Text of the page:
Pre-Conference Workshops

The Truth is in the Data: New Research on the Value of Girls’ Schools

DATE/TIME: Monday, June 18, 9:00 AM-12:00 PM

PRESENTERS: Dr. Katherine D. Kinzler, Associate Professor of Psychology | Cornell University; Dr. Nilanjana “Buju” Dasgupta, Professor of Psychology | University of Massachusetts, Amherst; and Dr. Tiffani A. Riggers-Piehl, Assistant Professor of Higher Education | University of Missouri, Kansas City

Three national research studies involving NCGS member school students at all division levels (elementary, middle, and high school) are currently being conducted. Hear first-hand from the principle investigators about the preliminary findings from the following studies:

Elementary School (PK-5th grade): Development of Social Cognition Leadership Study

This study is exploring how ideas of leadership are developed, what kinds of traits children value in leaders, and what causes children to be more confident in themselves as leaders. The researchers are focusing on how all-girls and all-boys schools affect children’s ideas of leadership and confidence in their own leadership ability.
Principal Investigator: Dr. Katherine D. Kinzler, Associate Professor of Psychology at Cornell University

Middle School (8th grade): Study of the Influence of Peers on Students’ Academic Interest and Aspirations in STEM

This five-year National Science Foundation funded study (currently in year three of data collection) is investigating at the 8th grade level the following questions: What types of peer dynamics in the classroom increase students’ interests in STEM? How do peer dynamics in middle school influence students’ attitudes and future aspirations in STEM? Do the same or different factors motivate girls compared to boys to pursue STEM?
Principal Investigator: Dr. Nilanjana “Buju” Dasgupta, Professor of Psychology at University of Massachusetts, Amherst

High School (recent graduates): Comparison of Women Graduates Study
Prepared for NCGS in collaboration with the Higher Education Research Institute at UCLA, this analysis of the 2016 Freshman Survey data is an update of the 2009 report (based on the 2005 Freshman Survey) originally conducted by Dr. Linda Sax. This new report will focus a lens on how graduates of all-girls schools today compare to female graduates of coed schools in terms of their academic characteristics and readiness for college.
Principal Investigator: Dr. Tiffani A. Riggers-Piehl, Assistant Professor of Higher Education at University of Missouri, Kansas City

In this workshop, you will dive into the preliminary results of these three studies, discuss what the findings mean for girls’ schools, and explore practices that can transform research findings into evidence to be used to enhance the student experience and as advocacy resources for the benefits of girls’ schools.

$125 USD additional fee required for this pre-conference workshop.

Defining and Designing Global Citizenship Education for Girls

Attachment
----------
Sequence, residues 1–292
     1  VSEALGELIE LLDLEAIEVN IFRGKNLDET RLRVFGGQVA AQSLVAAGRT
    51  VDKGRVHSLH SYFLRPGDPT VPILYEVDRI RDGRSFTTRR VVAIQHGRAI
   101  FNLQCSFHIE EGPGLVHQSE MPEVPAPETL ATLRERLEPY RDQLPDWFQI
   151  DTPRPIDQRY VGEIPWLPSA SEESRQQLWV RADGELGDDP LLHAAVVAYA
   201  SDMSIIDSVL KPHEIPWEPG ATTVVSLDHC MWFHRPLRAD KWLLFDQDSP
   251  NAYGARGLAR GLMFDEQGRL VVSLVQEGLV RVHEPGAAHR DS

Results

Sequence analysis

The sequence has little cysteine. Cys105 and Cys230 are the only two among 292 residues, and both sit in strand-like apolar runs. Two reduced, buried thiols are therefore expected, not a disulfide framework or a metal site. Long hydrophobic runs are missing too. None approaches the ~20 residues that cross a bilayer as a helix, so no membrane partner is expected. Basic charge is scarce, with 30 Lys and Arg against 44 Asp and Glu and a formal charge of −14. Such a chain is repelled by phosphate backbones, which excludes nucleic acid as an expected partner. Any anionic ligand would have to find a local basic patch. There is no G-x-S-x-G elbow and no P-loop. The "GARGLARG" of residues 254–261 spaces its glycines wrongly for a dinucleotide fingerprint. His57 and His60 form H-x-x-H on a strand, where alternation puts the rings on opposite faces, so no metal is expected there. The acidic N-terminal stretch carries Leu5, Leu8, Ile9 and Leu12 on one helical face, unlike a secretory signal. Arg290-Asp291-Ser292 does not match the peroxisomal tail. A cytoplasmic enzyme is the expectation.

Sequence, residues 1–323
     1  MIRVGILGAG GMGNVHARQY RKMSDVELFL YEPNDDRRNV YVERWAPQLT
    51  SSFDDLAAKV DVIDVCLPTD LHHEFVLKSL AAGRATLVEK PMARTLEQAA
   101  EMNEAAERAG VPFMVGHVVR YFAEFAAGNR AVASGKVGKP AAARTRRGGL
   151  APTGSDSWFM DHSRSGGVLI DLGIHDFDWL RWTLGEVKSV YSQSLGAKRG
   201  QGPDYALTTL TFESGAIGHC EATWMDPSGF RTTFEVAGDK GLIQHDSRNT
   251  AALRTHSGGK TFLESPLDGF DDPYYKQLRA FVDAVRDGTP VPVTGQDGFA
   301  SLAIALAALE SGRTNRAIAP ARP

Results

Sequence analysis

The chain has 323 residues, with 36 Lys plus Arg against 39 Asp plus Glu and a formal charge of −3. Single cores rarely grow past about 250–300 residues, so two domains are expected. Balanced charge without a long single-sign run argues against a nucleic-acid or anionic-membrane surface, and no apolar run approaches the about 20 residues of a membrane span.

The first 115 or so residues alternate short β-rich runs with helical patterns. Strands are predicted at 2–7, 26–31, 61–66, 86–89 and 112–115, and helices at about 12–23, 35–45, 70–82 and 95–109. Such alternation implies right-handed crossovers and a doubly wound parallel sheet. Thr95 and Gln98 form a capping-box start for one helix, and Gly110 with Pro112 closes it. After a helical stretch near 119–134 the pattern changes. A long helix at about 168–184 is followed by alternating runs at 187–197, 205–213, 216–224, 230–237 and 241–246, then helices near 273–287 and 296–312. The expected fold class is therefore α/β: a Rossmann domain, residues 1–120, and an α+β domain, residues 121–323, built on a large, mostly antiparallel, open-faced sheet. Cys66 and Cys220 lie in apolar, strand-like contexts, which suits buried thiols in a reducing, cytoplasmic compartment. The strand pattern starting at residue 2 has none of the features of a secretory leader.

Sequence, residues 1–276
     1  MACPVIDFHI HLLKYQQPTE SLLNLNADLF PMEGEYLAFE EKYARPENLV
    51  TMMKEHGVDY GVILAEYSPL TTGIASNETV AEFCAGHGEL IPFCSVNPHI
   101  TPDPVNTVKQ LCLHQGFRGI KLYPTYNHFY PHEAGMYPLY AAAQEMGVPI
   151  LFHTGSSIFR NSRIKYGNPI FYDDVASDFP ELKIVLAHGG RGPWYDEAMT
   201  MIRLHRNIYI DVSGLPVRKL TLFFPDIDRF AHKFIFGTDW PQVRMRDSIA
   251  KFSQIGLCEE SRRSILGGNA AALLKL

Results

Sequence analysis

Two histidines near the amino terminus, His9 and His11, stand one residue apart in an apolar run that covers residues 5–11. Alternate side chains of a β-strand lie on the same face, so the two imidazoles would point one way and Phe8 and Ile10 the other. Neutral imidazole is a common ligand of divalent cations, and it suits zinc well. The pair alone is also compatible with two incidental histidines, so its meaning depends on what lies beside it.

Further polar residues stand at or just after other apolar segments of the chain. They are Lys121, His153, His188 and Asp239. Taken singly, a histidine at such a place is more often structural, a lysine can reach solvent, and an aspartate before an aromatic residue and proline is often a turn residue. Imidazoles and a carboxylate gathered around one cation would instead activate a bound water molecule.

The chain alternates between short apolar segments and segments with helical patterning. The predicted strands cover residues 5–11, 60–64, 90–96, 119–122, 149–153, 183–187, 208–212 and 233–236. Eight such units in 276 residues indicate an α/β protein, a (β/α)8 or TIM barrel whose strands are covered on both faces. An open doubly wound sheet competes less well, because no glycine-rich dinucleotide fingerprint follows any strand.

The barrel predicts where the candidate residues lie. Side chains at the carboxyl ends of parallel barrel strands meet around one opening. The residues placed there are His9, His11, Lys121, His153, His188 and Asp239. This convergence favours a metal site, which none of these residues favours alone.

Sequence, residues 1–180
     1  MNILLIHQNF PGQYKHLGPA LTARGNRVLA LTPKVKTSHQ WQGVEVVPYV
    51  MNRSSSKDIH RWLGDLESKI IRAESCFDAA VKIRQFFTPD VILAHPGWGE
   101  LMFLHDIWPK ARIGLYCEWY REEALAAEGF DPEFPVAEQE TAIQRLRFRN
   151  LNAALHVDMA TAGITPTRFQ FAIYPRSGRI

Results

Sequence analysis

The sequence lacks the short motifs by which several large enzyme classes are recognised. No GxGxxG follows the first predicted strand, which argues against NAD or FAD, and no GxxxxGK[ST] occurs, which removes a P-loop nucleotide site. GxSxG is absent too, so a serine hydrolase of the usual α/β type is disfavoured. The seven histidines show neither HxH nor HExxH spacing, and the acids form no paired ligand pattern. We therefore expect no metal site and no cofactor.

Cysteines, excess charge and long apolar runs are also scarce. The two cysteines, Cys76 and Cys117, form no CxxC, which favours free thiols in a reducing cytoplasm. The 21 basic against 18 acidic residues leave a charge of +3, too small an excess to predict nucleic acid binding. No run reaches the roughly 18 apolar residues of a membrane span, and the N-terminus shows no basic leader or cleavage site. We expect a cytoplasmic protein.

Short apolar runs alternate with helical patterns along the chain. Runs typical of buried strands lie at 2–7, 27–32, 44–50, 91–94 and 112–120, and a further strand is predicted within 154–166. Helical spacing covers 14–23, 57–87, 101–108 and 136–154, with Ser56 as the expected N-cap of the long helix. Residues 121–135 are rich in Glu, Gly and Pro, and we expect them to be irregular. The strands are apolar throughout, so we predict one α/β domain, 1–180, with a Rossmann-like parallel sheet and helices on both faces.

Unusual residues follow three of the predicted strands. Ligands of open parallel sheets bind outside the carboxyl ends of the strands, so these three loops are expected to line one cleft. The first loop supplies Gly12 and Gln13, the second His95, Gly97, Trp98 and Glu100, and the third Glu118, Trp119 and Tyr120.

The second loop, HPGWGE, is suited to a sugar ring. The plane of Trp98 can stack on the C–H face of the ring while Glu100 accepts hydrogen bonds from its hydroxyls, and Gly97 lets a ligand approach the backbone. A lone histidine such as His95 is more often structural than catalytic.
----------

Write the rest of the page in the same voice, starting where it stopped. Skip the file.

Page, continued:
DATE/TIME: Monday, June 18, 9:00 AM-12:00 PM

PRESENTERS: Joe Vogel, Director, Institute for 21st Century Learning | Hathaway Brown School (USA) and Executive Director | The Global Education Benchmark Group; and Clare Sisisky, Director, Institute for Responsible Citizenship | Collegiate School (USA)

In today’s complex world, how do we guide our students as they develop both the skills and the knowledge they will need to thrive in a global context? How do we identify and build mission-aligned partnerships for global experiences or community-based programming? How do we design curriculum for our academic courses with global competency in mind? How do we determine student outcomes goals, and how do we measure their progress?

In this workshop, participants will hear about how to design global citizenship education for K-12 classrooms and experiences using explicit frameworks around global competencies and leveraging mutually-beneficial partnerships both locally and globally. Resources and tools for implementation and teacher training will be shared.

During the workshop:

  • the presenters will discuss a range of research and framework models for global citizenship, helping school leaders and teachers to identify resources that connect with their school’s mission and culture
  • participants will explore a range of experiential, curricular, and assessment examples from K-12 classrooms that are developing students as global citizens
  • participants will be able to strategize possibilities for intentionally bringing global citizenship education into their school and classrooms

$125 USD additional fee required for this pre-conference workshop.

Sharing Solutions and Drawing Inspiration: A Conversation among Tuition-Free/State-Sponsored All-Girls Schools

DATE/TIME: Monday, June 18, 9:00 AM-12:00 PM

PRESENTERS: Dr. Rosemary C. Salomone, Kenneth Wang Professor of Law | St. John’s University School of Law

This workshop will provide educators from tuition-free/state-sponsored schools an occasion to convene and discuss the unique opportunities — and challenges — they face and, even more important, to share best practices and celebrate stories of success. Dr. Rosemary Salomone, author of Same, Different, Equal: Rethinking Single-Sex Schooling and professor of law at St. John’s University in New York, will kick off the workshop by offering research-based ideas from a global perspective of how best to “make the case” for girls’ schools from a legal point of view. Attendees will then have the opportunity to participate in several round table discussions focusing on issues such as diversity and inclusion (especially with regard to immigration status), college readiness, professional development, community partnerships, health and wellness, and finance and budgeting.

There is no fee for this pre-conference workshop.